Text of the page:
Yesterday I received a brand new book that I plan to use as reference for my work for a long time. This is a 1000+ pages hardcover, and after unwrapping it from its plastic protection, I immediately open it. At the exact time I let the two sides of the book fall on the table, I new that I will break the spine, but it was too late. Here’s what the book looks like now:
Now I knew the right way to open an hardcover book the first time, but as I buy perhaps one or two each year, it’s difficult to remember it in the excitation of having new stuff to play with.
What is done is done, and it will be a good exercise to rebuild the book one day (I am slowly investing in bookbinding tools), but seen the cost of of this kind of books, here’s a suggestion for publisher: The book was wrapped in plastic, so why not inserting inside an explanation similar to the link above or at least putting a warning sticker on the wrapping? Or perhaps Amazon can just just add this kind of sticker automatically.
I just finished to read “A Well-Regulated Militia : The Founding Fathers and the Origins of Gun Control in America”, a very good book about the history of the Second Amendment. At the difference of the Wikipedia page on the same subject, this is very readable and entertaining. Highly recommended.
Vacation is more or less the only time I can read books. My Kindle 2 made it easy to carry them around and read them on planes, trains and metro during my last vacations in France:
- Absinthe & Flamethrowers: Projects and Ruminations on the Art of Living Dangerously (William Gurstelle):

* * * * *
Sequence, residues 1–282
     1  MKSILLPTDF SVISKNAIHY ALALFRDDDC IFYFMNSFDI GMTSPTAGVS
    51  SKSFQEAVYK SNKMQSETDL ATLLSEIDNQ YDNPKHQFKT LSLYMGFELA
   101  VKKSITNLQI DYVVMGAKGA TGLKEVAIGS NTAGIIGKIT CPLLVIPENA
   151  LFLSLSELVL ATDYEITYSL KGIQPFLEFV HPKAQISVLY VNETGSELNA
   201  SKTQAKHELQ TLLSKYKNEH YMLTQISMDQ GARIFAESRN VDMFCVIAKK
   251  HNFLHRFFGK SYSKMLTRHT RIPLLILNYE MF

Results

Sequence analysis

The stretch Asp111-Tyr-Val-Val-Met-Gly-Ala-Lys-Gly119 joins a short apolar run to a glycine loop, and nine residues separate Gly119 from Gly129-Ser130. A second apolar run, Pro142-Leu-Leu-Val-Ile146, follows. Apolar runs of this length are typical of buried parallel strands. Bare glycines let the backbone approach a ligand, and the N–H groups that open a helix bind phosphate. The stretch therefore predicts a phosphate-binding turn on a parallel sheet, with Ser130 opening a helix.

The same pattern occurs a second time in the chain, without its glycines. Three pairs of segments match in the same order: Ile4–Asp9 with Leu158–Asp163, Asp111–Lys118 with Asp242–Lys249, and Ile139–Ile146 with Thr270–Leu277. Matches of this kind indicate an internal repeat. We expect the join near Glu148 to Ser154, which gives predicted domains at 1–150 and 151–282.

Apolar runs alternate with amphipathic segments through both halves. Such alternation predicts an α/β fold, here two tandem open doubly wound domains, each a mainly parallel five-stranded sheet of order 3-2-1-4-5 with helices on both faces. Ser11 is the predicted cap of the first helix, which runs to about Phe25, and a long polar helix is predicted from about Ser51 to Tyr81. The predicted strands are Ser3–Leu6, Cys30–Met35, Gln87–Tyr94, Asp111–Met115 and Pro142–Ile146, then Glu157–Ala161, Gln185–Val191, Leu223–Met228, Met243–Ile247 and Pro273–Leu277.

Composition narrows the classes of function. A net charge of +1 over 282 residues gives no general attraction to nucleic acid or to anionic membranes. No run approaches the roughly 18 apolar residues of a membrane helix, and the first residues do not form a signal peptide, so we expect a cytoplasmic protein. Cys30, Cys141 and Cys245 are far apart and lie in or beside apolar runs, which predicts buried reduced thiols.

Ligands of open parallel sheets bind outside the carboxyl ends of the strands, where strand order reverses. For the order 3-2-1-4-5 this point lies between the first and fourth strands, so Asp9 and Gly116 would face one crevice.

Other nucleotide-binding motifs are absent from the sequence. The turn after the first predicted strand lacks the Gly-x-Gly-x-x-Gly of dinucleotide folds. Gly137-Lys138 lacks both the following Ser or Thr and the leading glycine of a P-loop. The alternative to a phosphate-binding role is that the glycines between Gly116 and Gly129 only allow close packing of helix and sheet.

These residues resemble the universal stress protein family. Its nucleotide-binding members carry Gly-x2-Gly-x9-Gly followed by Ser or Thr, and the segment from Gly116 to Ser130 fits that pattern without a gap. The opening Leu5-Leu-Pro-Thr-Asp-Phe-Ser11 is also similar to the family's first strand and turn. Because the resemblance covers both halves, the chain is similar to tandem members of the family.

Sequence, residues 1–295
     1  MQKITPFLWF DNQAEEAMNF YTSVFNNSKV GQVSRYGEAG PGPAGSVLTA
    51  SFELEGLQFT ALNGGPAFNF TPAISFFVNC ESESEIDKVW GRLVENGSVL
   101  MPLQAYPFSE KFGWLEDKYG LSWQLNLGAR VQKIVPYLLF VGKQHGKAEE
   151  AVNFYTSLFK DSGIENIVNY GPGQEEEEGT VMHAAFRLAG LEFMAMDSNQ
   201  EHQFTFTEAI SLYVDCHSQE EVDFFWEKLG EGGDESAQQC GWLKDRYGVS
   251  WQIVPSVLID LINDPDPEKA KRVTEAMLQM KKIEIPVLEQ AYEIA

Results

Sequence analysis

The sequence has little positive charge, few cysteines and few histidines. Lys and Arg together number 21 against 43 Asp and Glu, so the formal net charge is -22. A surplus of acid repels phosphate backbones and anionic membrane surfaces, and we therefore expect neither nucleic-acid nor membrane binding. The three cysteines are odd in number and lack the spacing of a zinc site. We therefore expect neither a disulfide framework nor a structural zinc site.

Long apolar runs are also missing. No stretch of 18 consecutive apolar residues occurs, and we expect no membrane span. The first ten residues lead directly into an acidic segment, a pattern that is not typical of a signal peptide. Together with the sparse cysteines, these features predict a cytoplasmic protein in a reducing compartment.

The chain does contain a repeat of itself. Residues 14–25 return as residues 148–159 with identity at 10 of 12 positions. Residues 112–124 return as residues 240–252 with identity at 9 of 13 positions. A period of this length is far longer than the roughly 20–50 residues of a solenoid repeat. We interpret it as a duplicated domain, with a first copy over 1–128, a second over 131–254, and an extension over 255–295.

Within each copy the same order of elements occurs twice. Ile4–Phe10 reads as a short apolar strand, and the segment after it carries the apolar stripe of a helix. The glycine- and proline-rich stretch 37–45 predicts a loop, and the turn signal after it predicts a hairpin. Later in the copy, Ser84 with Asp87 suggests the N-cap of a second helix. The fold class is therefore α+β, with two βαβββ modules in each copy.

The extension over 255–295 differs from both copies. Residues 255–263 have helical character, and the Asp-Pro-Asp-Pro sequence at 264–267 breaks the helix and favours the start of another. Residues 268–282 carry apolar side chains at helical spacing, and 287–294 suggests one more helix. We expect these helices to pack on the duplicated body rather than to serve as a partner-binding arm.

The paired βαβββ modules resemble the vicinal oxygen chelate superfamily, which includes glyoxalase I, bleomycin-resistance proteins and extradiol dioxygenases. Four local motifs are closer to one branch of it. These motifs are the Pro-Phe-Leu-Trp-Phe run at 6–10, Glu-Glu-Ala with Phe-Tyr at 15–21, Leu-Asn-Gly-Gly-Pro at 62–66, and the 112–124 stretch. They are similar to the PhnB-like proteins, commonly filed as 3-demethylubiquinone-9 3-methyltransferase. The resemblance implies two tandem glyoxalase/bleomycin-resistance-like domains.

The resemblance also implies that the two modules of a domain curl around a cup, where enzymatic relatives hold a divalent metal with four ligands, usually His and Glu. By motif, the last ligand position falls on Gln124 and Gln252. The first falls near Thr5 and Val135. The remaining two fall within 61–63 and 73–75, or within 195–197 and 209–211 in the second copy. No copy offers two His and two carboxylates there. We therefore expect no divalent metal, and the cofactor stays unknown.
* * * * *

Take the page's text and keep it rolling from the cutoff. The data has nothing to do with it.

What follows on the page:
A short and interesting book, but I would not put drinking absinthe in the list of dangerous things – well at least in my opinion it is way less dangerous than eating fast food regularly. I will probably write a bit more about the ideas on this book, as there is some that are related to something I will spend most of my time for the next year.
- Daemon (Daniel Suarez):
An excellent novel that is, a the difference of most novels about technology, completely realistic. I cannot wait for the sequel.
- Thomas Jefferson (R. B. Bernstein):
Thomas Jefferson is probably, with Benjamin Franklin, the most interesting of the Founder Fathers. This biography was so interesting that I found it way too short and I will try to find something that would go deeper in the life of this extraordinary person.
- Declare (Tim Powers):
There is no such thing as a bad Tim Powers book and there is no such thing as an easy to read Tim Powers book. My favorite is still Last Call but Declare was really captivating after I managed to read pass the first one hundred pages.
- Fugitives and Refugees: A Walk in Portland, Oregon (Chuck Palahniuk):
Well, I read everything from Palahniuk (*cough* Haunted *cough*), so I had to read this one, even if it is not a novel but a travel guide. As always, extremely entertaining.